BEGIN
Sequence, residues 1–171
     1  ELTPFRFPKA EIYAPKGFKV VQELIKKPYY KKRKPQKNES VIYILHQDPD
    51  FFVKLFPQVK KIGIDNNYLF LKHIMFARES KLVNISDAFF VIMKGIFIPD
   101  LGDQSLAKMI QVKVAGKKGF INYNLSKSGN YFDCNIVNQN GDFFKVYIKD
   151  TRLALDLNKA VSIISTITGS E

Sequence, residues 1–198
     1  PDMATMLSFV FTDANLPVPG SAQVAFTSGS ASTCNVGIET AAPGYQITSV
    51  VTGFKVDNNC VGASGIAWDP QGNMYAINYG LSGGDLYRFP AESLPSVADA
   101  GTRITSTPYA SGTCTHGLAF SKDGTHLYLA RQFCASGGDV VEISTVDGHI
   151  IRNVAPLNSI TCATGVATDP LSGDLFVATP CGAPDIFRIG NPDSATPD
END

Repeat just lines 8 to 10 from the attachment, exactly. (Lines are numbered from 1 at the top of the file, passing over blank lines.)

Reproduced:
    51  VTGFKVDNNC VGASGIAWDP QGNMYAINYG LSGGDLYRFP AESLPSVADA
   101  GTRITSTPYA SGTCTHGLAF SKDGTHLYLA RQFCASGGDV VEISTVDGHI
   151  IRNVAPLNSI TCATGVATDP LSGDLFVATP CGAPDIFRIG NPDSATPD